‘What’s Hot’ List: 10/17/14

Here’s the ‘What’s Hot’ list for the week of October 17th.


HBO To Offer Streaming Video Service In 2015 (Mediapost, 10/15/14) Finally moving into Netflix territory, HBO says it will offer a stand-alone streaming video service next year.Speaking at a Time Warner investor meeting on Wednesday, Richard Plepler, chairman/chief executive officer of HBO, said 10 million broadband-only homes is a key opportunity. “That is a large and growing opportunity that should no longer be left untapped,” Plepler said. “It is time to remove all barriers to those who want HBO.”

Copyright, the Internet and Efficient Risk Bearing (Brookings, commentary by Stuart Brotman, 10/16/14)Later this month, the Department of Commerce will host the fifth in a series of roundtables and forums that are designed to focus on a critical issue–the operation of the notice and takedown system under the Digital Millennium Copyright Act (DMCA). The current DMCA system requires online service providers including YouTube, podcasters, and others to remove copyright infringing content from their sites once they have been made aware that an infringement has occurred. One proposal that merits serious consideration is using an efficient risk-bearing standard to improve the DMCA notice and takedown system.

Obama Makes FCC’s Tight Spot on Net Rules Even Tighter (Wall Street Journal Online (Digits), 10/13/2014) Federal Communications Commission Chairman Tom Wheeler is in a tight spot as he writes rules for how broadband companies can treat traffic on their networks. Last week, President Barack Obama appeared to make that spot a little tighter. At a town-hall meeting in Santa Clara, Calif., the president said he was “unequivocally committed to net neutrality,” the principle that all Internet traffic should be treated equally on providers’ networks. “It is what has unleashed the power of the Internet, and we don’t want to lose that or clog up the pipes,” Obama said.

Commerce Secretary: US won’t allow ‘Internet to be co-opted’ (TheHill.com, 10/13/2014) Commerce Secretary Penny Pritzker insisted Monday that the United States would prevent the Internet from being “co-opted” by any government or person. She said the United States will remain a champion of an open Internet, as the Commerce Department plans to move away from its oversight role of the system that governs Internet addresses.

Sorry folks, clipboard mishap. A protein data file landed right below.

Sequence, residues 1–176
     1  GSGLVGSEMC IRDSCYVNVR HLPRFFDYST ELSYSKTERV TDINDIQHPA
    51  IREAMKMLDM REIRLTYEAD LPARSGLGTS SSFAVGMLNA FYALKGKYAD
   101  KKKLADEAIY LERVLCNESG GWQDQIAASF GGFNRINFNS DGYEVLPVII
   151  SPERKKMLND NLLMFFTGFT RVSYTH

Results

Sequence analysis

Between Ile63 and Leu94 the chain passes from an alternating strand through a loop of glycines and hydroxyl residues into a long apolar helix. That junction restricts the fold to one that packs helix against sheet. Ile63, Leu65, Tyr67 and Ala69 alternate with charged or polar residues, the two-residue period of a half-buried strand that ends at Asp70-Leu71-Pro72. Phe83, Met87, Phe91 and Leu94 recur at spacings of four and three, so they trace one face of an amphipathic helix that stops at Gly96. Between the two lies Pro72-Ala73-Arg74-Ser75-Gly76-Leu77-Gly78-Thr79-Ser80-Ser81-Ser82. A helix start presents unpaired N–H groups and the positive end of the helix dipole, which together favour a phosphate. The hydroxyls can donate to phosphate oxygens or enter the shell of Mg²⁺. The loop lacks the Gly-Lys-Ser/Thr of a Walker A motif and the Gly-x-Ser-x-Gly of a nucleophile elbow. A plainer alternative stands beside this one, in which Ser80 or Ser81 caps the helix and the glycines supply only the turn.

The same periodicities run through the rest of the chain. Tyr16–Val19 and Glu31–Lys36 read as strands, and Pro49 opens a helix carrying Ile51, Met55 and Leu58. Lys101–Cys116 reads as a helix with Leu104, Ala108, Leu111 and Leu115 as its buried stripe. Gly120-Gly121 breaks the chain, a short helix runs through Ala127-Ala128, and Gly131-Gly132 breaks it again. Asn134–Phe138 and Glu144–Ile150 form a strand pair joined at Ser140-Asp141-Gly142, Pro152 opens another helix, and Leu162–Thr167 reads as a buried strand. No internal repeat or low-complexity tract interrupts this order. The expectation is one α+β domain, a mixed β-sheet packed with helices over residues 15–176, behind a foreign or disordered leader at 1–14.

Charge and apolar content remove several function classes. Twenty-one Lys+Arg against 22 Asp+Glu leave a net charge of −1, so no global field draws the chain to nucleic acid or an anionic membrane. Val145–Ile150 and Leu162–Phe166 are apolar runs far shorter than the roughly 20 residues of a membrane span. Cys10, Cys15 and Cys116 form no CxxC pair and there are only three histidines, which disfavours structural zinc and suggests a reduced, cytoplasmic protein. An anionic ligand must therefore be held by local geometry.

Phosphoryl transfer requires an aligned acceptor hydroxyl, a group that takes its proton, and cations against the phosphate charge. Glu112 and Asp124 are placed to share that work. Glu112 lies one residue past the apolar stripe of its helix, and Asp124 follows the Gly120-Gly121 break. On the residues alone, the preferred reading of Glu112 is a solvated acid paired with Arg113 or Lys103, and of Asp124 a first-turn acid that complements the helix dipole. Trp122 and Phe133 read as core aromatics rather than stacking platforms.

Google is sitting out the net neutrality fight. Here are 4 possible reasons (Gigaom, 10/14/14) The FCC is moving closer to announcing new net neutrality rules and yet Google — the most influential company on the subject — still won’t step into the debate. Here’s four popular theories why it won’t.

GM sides with U.S. wireless carriers in net neutrality fight (Reuters, 10/15/2014) Top U.S. automaker General Motors Co. has emerged as a heavyweight ally of the wireless carriers battling against stricter Internet traffic rules, with a new letter that linked the issue to wirelessly connected cars. In a letter to a Federal Communications Commission official viewed by Reuters on Wednesday, GM’s Global Connected Consumer executive director, Harry Lightsey III, urged the FCC to “retain the critical distinction” among rules for fixed and mobile Internet traffic and said new limitations for the mobile industry may constrain innovation in connected cars.

FCC’s proposed rules would block joint spectrum auction bidding among Tier 1 carriers (Fiercewireless, 10/14/14)The FCC is proposing new rules for competitive bidding in spectrum auctions that would bar joint bidding arrangements among Tier 1 carriers. The proposed rules are also aimed at getting more small businesses, rural telephone companies and businesses owned by members of minority groups to bid in auctions.

New rules would protect cell tower workers (The Hill, 10/14/14)Federal regulators are considering new safety recommendations for cell tower climbers. The Labor Department and Federal Communications Commission announced Tuesday they are teaming up to combat a recent rise in workplace deaths.

FCC Plans Stealth Internet Tax Increase (Forbes, 10/17/14) American politicians of all stripes clearly see and oppose the abuses of the Internet abroad. But our government officials are not aware that the Federal Communications Commission, without statutory authority, is proposing to expand its taxation and regulation of the Internet. The relationship between the Internet and government has become a useful barometer of personal and economic freedom. Oppressive governments use the Internet to oppress political enemies, censor ideas, and spy on citizens.  The United Nations and other international organizations see the Internet as an untapped opportunity for tax revenues and regulations to support political favorites.